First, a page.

Helpful Parenting Tips for Enneagram Type 4 Moms: Individualist Moms
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Helpful Parenting Tips for Enneagram Type 4 Moms: Individualist Moms

Enneagram Type 4 moms are sensitive and emotionally honest. They fear being flawed. Here are some helpful parenting tips for type 4 moms.

Published July 15, 2020

Last month, we learned all about Enneagram Type 3 — Achiever Moms. Today we are going to explore the world of Enneagram Type 4 moms. These Individualist Moms are the romantics of the group. Here are some ways Individualist Moms can use their unique personalities to become the best versions of themselves.

Enneagram Type 4 — The Individualist Mom

Fours tend to be dramatic, sensitive, creative, compassionate, and temperamental. They are the most emotionally honest of all the enneagram types. They fear being flawed or inadequate. Here are some helpful parenting tips for enneagram type 4 moms:

1. Accept that you are unique and complete.

“Always be a first-rate version of yourself, instead of a second-rate version of somebody else.” — Judy Garland.

Enneagram 4s tend to fear being incomplete or insignificant above all else. As a parent who is a 4, please know that you are unique and complete, regardless of your flaws. Your kids need you to accept yourself as you already are so that you can accept them as unique and complete, regardless of their flaws. When they see you being hard on yourself, they learn that they also need to be hard on themselves.

2. Don’t overwhelm your kids with your feelings.

“If you do not have control over your mouth, you will not have control over your future.” — Germany Kent, journalist and author.

As individualists, Enneagram 4s tend to struggle with not becoming absorbed by their own emotions. Be honest about your feelings with your kids in age-appropriate doses, but don’t overwhelm them before they can fully understand and process your negative emotions. Always try to model self-control along with emotional honesty. It’s good for children to learn that there are many emotions, and it’s okay to feel them, but we don’t want to overwhelm them with our emotions and feel as if they are unsafe or should be worried.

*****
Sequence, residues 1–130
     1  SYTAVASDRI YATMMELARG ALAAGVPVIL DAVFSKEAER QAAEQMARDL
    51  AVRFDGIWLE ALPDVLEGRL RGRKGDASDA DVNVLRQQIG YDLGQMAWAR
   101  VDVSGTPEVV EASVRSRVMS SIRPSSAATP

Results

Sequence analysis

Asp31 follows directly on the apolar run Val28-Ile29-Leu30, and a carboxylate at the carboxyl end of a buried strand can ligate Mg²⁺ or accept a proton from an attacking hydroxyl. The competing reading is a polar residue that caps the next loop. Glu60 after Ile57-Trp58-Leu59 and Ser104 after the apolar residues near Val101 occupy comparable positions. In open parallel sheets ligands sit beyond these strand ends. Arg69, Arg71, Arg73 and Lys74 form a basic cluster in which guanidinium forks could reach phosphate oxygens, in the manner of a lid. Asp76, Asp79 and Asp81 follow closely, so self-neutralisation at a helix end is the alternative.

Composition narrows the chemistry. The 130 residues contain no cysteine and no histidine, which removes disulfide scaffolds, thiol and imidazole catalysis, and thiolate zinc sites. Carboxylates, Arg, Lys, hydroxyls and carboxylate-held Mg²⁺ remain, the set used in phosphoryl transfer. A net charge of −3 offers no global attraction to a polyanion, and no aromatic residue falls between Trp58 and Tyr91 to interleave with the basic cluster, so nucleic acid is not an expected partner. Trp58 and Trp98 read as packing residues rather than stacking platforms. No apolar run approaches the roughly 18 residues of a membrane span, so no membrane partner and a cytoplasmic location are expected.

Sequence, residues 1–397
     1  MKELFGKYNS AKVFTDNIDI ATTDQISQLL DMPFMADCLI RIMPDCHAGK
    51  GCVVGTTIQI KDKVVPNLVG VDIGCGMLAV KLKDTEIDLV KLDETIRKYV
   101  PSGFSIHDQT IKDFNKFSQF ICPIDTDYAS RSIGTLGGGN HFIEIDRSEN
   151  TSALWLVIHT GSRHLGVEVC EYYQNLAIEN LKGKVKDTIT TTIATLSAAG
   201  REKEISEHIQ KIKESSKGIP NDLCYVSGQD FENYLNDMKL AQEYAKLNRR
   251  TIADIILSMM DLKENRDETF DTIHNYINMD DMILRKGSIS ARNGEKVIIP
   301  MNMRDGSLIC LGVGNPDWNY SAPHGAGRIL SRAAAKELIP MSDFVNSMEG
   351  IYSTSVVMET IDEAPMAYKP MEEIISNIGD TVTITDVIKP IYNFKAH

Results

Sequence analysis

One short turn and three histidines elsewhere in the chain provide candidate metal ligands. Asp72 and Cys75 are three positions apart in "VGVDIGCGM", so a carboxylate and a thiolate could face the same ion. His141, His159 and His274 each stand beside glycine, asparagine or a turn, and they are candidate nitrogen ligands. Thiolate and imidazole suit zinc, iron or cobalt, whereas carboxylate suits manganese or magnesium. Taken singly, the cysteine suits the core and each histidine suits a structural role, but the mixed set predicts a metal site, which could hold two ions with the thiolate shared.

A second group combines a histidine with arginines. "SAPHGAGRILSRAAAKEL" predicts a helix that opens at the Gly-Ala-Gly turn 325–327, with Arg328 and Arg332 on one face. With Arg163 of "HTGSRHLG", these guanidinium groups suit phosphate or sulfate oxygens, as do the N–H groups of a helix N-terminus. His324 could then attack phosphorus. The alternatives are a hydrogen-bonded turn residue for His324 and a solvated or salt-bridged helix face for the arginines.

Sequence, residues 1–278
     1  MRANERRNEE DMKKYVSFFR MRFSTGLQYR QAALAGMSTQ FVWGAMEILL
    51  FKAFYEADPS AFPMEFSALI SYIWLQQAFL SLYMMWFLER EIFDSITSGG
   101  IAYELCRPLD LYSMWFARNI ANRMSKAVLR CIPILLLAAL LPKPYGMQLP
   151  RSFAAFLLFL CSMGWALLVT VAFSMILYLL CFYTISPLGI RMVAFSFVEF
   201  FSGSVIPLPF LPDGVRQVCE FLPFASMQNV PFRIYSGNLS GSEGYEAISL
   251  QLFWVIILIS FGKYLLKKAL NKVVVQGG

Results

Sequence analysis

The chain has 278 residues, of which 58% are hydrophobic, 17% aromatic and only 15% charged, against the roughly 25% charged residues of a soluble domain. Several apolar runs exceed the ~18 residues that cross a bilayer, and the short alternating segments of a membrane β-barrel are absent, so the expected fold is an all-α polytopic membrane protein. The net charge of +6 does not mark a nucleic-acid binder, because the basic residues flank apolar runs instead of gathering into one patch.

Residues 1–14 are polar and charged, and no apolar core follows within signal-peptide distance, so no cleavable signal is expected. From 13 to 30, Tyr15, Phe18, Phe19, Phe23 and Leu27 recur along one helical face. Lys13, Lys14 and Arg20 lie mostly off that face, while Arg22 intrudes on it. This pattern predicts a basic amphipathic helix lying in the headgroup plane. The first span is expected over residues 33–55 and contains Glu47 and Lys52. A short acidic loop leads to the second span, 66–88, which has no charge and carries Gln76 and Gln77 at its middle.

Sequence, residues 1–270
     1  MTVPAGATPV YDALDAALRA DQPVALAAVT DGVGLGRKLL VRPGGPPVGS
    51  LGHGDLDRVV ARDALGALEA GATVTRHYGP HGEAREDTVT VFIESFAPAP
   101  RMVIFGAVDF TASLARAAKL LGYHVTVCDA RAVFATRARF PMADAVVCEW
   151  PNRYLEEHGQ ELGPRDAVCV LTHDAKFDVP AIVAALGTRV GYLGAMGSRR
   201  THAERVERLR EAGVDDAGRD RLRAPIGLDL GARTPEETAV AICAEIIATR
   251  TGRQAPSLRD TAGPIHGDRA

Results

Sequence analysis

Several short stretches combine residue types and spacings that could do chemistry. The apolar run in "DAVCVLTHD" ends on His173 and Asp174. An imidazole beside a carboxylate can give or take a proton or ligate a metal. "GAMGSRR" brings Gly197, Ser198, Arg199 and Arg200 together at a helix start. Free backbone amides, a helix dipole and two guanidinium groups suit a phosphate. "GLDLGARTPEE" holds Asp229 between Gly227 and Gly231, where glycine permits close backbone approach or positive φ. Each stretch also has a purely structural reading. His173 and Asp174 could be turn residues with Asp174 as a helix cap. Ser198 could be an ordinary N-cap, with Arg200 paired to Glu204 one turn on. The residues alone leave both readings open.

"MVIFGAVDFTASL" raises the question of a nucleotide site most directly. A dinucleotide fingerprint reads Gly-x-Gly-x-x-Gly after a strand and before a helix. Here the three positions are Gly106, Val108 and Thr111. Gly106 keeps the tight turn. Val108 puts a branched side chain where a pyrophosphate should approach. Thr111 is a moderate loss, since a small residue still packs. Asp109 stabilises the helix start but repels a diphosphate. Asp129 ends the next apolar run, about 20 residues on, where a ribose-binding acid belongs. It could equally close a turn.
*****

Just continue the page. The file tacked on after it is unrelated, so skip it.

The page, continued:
3. Practice both empathy and empowerment.

“Leadership is about empathy. It is about having the ability to relate and connect with people for the purpose of inspiring and empowering their lives.” — Oprah Winfrey.

Enneagram 4s can uniquely validate their children’s emotions because they are highly empathetic. As a parent who is a type 4, be careful not to encourage your kids to make decisions based solely on those emotions. Teach them to weigh options logically after accepting their negative and positive emotions as normal and healthy.

4. Set boundaries with negative thoughts.

“For many, negative thinking is a habit which, over time, becomes an addiction.” — Peter McWilliams, self-help author.

Enneagram 4s are the ultimate melancholy feelers. Learn to validate your negative emotions while setting healthy boundaries to stop self-destructive thoughts. Prevent downward spirals by practicing gratitude regardless of circumstance. Your kids will follow your lead in handling disappointment and expressing gratitude.

5. Teach your kids how to get back up when they fall down.

“Grace means that all of your mistakes now serve a purpose instead of serving shame.” — Brene Brown, Ph.D., author, speaker, podcast host, social worker, shame researcher, and University of Houston professor.

Enneagram 4s often struggle to release shame for past mistakes and can sometimes sink into depression or even addiction as a result. Make sure your kids know that mistakes are valuable learning experiences, not sources of guilt and shame to weigh them down over and over again in the future. Teach them to forgive themselves and to get back up stronger and wiser after every fall. This could save them from a lot of future heartaches!

6. Show your kids how to reach out for help when they’re in pain.

“Isolation is the worst possible counselor.” — Miguel de Unamuno, Spanish educator, philosopher, and author.

Enneagram 4s tend to withdraw or isolate when they are in pain. As a parent who is a type 4, teach your kids how to reach out for help instead of withdrawing. Show them how to build healthy support systems around themselves and give back to the community that helps them through struggles. Model asking for assistance when you need it and helping your neighbors so your kids aren’t afraid to do the same. It isn’t a weakness to ask for help. It is a strength. And it’s a lesson that many people could benefit from.

Next, read about Enneagram Type 5 – The Investigator Moms!

If you don’t know your Enneagram type yet and want to find out, it’s as easy as taking a test online here. You can read through The Enneagram Institute’s descriptions of the nine types here. There is also a free enneagram-type test available through Your Enneagram Coach here.

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  • Author

Lauren Flake is a wife, mom to two girls, watercolor artist, seventh-generation Texan, and early-onset Alzheimer's daughter. She is the author and co-illustrator of two award-winning children's books for grieving… Read more

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